“Mike, tax cuts had little to do with rising tax revenue. Tax revenue went up because of real estate inflation and all of the associated manifestations. Without the real estate inflation of the last few years the economy would have fallen on it’s face.”

    I disagree. They helped, to be sure, but to say the economy would fall on its face without them is just not so. The economy WILL fall on its face if the commercial paper situation that was exposed by the sub prime slime doesn’t get fixed anytime soon.

  43. Fred commented on Sep 13

    Also look at the improvement in the “drek” ABX indecies (CDO’s):

    http://www.markit.com/information/affiliations/abx

    Any idea of the short positions in this market? — (hint – it is NOT small)

    The market has broomed out many of the weak holders — in most of the markets.

  44. Michael Donnelly commented on Sep 13

    We economists always get smacked around by this kind of stuff, but you’ll notice that while the averages were way off, there’s always somebody who’s exactly right.

    Just add another couple of hundred economists to the survey and we’ll have somebody on every forecast spot on.

  45. Rambuncle commented on Sep 13

    In a democracy, the people are in charge. Thru omission and commission the buck stops with anyone and everyone over the age of 18.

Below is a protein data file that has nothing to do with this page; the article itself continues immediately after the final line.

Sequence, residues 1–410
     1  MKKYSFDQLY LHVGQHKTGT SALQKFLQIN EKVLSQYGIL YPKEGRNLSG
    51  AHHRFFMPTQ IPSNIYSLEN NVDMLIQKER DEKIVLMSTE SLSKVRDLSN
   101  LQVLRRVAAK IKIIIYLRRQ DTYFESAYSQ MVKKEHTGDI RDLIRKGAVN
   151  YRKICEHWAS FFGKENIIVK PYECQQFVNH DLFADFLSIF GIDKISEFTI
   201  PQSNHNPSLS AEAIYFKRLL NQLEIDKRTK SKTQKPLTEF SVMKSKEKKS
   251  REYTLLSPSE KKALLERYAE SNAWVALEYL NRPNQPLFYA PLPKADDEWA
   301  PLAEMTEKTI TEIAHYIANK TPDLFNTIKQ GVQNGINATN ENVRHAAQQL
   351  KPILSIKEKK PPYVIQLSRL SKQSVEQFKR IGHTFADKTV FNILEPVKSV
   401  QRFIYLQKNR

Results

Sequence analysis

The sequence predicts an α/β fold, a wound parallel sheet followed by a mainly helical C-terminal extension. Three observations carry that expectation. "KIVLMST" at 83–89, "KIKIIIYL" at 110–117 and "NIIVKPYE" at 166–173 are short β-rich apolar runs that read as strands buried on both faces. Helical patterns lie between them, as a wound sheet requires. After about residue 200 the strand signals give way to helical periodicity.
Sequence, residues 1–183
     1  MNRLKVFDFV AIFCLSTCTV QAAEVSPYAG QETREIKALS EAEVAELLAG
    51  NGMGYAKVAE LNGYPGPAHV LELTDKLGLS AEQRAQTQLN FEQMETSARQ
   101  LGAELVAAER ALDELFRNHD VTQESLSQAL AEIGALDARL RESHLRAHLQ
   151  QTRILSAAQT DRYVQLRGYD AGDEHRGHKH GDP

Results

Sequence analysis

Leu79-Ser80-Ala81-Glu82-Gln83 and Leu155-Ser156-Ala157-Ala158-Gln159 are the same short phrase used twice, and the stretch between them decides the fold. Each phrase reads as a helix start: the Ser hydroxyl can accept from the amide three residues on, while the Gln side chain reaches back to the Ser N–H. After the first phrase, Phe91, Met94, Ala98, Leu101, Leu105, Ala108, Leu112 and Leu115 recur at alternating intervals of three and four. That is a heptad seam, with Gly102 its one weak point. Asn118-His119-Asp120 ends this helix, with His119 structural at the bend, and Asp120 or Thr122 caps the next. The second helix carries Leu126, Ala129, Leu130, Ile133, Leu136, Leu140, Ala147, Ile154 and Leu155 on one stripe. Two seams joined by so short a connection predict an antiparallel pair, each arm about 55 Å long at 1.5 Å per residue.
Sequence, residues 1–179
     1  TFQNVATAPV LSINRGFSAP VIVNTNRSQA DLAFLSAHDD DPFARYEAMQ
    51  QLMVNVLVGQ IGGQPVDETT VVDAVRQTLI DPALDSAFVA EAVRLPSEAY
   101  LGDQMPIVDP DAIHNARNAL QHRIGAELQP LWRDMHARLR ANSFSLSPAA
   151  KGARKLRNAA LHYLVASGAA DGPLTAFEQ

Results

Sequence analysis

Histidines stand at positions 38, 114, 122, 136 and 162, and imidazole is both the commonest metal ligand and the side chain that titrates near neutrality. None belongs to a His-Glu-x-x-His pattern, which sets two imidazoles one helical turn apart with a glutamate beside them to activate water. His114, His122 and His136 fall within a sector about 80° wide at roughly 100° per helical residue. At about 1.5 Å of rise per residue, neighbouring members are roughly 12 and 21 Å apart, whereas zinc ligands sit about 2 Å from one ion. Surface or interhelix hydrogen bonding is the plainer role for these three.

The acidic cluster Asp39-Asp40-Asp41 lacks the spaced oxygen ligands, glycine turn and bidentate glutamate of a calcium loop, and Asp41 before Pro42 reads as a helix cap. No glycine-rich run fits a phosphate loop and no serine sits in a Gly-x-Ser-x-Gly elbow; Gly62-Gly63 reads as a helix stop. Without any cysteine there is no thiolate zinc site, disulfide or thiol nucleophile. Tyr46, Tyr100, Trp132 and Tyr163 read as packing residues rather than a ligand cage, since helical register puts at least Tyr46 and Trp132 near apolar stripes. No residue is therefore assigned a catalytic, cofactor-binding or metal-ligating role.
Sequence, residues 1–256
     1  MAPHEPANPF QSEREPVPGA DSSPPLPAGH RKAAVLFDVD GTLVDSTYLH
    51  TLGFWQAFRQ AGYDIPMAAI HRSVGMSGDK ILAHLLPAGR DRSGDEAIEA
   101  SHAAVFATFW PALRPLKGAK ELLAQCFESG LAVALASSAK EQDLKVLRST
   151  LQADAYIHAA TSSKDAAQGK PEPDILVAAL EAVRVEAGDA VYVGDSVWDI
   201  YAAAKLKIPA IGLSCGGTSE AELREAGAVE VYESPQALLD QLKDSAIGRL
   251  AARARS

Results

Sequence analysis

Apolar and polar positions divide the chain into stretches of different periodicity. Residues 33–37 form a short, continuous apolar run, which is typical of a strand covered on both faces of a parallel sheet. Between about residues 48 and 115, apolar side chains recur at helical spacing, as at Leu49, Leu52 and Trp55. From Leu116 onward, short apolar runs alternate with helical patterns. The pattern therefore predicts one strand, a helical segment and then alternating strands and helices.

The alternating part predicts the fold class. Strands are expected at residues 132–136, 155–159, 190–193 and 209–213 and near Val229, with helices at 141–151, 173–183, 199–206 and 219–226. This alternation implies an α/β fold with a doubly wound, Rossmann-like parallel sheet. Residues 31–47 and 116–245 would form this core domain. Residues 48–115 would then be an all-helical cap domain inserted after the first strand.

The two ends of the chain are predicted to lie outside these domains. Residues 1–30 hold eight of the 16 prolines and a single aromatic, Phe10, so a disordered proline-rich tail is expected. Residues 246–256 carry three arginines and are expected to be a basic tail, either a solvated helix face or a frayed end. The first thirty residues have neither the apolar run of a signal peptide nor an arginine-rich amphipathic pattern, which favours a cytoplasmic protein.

This is the kind of crap people say when they don’t want to take responsibility for their own actions.

  46. VJ commented on Sep 13

    Mike,

    You are re-playing the Reagan criticism. “Tax cuts –> deficit” and that’s just pure BUNK!

    I’m afraid not. Federal income tax revenues PLUNGED to 1940s levels after the tax cuts for the Rich & Corporate. Even David Stockman, who was Reagan’s Director of the Office of Management and Budget (1981-1985), stated:

    “Ronald Reagan’s original across-the-board income tax cut would have permanently reduced the federal revenue base by 3% of GNP … the Reagan tax-rate cut alone would have strained the nation’s fiscal equation beyond the breaking point. As of August of 1981, Uncle Sam had been left to finance a 1980s-sized [federal government] and defense build-up from a general revenues base that was now smaller relative to GNP than at any time since 1940 !”

    There are two distinct halves here. Bush’s (and R’s) tax cuts BALLOONED revenue.

    Nope.

    According to the U.S. Treasury, they reduced federal income tax revenues to 1959 levels. Tax rate cuts have failed every time they have been tried, always resulting in massive federal budget deficits.

    SPENDING on the war and other things has been more than I would like but considering the cost of the war and Katrina and 9/11 etc. is much better than I expected frankly.

    According to the Congressional Budget Office, the cost of the four previous rounds of tax cuts enacted is almost THREE TIMES as great as the cost of the Iraq war (including the costs of the military operations and subsequent reconstruction), all homeland security expenditures, the costs of rebuilding after September 11, all military action in Afghanistan, and all other costs of the ‘Global War On Terrorism’, COMBINED.